Below is a formula that you can use to calculate a CPC equivalent of a CPM model

CPC = ((Total Impression *CPM)/(1000 *Clicks)

Below is a spreadsheet to show you the same calculation. Let’s take an example of a campaign that costs you $10 CPM and generates 50 clicks in 50,000 impressions.

The above $10 CPM campaign is equivalent to a $5 CPC campaign.

Below is a formula that you can use to calculate a CPM equivalent of a CPC model

CPM = (CPC*clicks*1000)/Total Impressions

Let’s take an example of a campaign that costs $4 per click and generates 100 clicks, resulting in a total spend of $400. Let’s say it took 50,000 impressions to generate those 100 clicks.

The CPM value you get when you convert CPC into CPM is also known as eCPM (effective CPM).

Note: eCPM is also shown in Adsense reports, in that case it is

Total Adsense Revenue /(Impressions/1000)

I have developed few calculators to calculate CPM and CPC, feel free to use them.

--------------------------------------------------------------------------------------------------------------

**CPM**CPM stands for Cost per 1000 Impressions (number of times the ad is shown) (M is Roman numeral for 1000). Generally display advertising (e.g. banners) is sold in CPM. If the ad is shown 1000 times the cost will be equal to 1 CPM price. For example, if a publisher charges $10 CPM, that means your ad will be shown 1000 times for $10. If your budget is say $10,000 then mean your ad will be shown 1,000,000 times ($10,000 *(1000/$10) ).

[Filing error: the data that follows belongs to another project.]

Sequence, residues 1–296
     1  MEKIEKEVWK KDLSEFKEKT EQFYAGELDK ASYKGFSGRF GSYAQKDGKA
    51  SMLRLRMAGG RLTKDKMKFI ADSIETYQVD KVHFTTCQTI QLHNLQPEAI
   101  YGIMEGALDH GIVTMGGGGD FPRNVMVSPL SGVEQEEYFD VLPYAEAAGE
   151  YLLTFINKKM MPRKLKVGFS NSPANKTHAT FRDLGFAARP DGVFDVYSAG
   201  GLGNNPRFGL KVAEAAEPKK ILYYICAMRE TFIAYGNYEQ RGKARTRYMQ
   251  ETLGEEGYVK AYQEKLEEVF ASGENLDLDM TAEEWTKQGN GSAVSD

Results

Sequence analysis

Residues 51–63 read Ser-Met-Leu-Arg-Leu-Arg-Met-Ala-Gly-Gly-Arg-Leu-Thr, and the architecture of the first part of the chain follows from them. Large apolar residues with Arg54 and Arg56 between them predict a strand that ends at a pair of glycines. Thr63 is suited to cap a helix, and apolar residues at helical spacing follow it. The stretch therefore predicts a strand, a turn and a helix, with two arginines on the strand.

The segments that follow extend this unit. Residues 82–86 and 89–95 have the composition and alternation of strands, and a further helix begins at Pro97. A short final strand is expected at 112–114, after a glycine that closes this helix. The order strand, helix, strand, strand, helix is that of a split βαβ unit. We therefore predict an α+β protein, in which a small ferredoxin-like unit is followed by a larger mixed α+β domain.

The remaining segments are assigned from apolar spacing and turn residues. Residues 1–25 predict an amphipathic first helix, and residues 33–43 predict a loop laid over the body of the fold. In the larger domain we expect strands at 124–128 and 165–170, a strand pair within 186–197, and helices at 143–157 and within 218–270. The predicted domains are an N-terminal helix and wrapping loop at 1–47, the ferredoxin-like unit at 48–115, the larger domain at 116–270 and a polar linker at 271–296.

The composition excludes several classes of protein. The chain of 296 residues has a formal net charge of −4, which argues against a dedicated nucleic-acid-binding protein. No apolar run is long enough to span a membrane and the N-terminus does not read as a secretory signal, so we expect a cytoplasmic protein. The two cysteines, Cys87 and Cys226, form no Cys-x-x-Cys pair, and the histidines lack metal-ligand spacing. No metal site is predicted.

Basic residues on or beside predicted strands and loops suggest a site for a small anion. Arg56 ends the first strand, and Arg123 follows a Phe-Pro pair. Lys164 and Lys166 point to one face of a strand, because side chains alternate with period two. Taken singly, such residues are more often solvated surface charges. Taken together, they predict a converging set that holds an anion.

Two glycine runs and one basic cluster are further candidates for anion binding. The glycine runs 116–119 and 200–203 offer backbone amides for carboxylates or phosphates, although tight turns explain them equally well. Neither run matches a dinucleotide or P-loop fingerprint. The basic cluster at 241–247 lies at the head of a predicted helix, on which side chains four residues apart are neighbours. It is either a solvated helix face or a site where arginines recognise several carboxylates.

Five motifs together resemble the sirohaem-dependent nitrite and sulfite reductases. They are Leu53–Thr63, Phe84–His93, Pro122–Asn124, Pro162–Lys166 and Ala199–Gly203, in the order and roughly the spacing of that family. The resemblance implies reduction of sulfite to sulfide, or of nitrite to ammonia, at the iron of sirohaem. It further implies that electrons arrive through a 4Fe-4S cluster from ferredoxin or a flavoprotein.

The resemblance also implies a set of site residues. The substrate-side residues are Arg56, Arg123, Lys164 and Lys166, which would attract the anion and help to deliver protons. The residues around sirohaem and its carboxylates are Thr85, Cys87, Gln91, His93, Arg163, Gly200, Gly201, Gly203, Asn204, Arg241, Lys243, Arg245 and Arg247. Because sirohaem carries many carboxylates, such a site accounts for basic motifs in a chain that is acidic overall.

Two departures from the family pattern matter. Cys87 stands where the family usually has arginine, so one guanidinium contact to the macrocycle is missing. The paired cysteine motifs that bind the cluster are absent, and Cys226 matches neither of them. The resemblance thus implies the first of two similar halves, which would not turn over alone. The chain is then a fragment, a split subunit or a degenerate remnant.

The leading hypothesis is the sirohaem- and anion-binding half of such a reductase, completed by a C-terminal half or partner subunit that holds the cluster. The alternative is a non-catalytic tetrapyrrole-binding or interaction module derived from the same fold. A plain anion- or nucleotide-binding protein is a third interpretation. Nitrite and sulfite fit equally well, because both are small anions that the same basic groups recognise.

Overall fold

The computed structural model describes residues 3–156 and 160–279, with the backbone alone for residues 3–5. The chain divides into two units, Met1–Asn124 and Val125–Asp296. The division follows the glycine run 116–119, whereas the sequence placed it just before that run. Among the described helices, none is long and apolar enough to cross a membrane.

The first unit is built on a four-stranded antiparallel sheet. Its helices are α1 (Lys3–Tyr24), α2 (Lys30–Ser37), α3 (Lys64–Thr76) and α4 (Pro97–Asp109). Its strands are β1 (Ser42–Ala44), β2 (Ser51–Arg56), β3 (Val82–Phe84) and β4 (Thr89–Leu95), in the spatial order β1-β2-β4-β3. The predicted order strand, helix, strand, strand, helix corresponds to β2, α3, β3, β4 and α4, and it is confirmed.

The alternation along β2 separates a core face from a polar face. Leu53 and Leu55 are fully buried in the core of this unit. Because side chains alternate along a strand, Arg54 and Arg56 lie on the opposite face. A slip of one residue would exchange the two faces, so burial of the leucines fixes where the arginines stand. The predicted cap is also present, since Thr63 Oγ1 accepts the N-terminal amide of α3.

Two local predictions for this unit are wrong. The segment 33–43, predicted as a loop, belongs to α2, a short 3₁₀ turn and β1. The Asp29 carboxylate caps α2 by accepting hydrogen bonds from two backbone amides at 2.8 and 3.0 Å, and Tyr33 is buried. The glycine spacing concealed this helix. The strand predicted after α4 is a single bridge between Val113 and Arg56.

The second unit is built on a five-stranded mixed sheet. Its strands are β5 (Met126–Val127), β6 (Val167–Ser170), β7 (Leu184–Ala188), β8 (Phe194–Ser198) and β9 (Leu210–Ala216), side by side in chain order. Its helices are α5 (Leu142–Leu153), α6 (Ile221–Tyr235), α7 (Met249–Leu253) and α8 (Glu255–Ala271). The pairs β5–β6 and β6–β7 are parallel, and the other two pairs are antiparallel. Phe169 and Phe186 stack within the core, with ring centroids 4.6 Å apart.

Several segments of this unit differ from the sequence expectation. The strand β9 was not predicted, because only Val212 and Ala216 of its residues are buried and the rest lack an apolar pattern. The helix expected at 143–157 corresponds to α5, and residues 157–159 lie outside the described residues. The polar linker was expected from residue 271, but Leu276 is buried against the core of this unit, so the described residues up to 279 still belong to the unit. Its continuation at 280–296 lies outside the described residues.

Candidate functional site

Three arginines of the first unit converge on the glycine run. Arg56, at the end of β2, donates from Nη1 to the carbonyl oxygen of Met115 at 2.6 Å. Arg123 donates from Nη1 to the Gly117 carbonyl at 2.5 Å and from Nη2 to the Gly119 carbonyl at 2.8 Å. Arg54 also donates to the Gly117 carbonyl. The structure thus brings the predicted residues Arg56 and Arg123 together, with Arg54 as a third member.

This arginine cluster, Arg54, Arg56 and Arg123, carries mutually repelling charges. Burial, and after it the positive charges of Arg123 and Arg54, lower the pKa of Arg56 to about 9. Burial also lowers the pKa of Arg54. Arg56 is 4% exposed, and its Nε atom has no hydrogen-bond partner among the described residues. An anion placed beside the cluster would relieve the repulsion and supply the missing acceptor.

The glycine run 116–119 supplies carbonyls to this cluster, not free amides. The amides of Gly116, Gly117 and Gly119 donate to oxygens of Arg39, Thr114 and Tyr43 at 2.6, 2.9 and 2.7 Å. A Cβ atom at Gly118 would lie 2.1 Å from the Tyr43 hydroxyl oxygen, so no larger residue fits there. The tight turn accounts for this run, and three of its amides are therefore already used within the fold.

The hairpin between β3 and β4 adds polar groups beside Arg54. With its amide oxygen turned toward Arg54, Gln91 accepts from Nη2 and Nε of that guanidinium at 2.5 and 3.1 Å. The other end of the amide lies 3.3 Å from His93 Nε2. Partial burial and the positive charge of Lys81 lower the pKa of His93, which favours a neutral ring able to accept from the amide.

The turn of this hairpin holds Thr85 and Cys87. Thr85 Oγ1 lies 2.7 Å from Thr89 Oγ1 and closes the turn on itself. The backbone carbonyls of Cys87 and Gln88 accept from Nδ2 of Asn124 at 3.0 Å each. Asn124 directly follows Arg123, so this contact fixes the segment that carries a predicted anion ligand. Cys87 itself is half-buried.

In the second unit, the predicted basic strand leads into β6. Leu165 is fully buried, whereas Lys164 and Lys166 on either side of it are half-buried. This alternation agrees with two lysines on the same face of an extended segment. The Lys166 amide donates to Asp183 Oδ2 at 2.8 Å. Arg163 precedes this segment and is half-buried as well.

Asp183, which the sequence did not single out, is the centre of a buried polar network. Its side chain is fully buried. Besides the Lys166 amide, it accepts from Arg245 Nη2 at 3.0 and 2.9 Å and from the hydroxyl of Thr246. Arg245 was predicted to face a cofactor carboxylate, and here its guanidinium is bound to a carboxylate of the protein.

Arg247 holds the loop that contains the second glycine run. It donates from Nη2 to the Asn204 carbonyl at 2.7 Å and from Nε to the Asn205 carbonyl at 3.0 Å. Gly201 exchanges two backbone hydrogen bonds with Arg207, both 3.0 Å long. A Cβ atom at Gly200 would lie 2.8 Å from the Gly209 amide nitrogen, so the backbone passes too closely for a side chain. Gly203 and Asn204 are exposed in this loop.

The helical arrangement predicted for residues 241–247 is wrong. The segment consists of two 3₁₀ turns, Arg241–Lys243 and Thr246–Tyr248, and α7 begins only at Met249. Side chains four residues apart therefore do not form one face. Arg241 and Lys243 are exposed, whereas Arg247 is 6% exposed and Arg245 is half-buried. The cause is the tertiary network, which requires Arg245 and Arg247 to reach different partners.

Total Impressions = (Total Cost or Budget) * (1000/CPM)

If you are trying to find out how much you will pay for a given number of impressions then you can use the following formula

Total Cost = (Total Impressions * CPM)/1000

If you notice in the above calculations, there are no mentions of how many people the ad will be shown to or how many clicks will be generated. CPM advertising is solely based on impressions. In theory if you don’t set a frequency cap (i.e. the maximum number of times one person will see your ad) then you could end up serving all the impression to one person only. (If you would like to know more about frequency cap then drop me a line and we can talk further).

**CPC**CPC stands for Cost Per Click. Google Adwords made this model popular. Generally search and text advertising is sold by CPC model. In this kind of advertising model you just pay for number of clicks you get on your ads irrespective of number of impressions it takes to generate those clicks. For example, if the CPC is $1.00 and your ad is shown 12,000 times but gets no clicks then you pay nothing. If you get 10 clicks on your ad then you pay $1.00X10 = $10.00.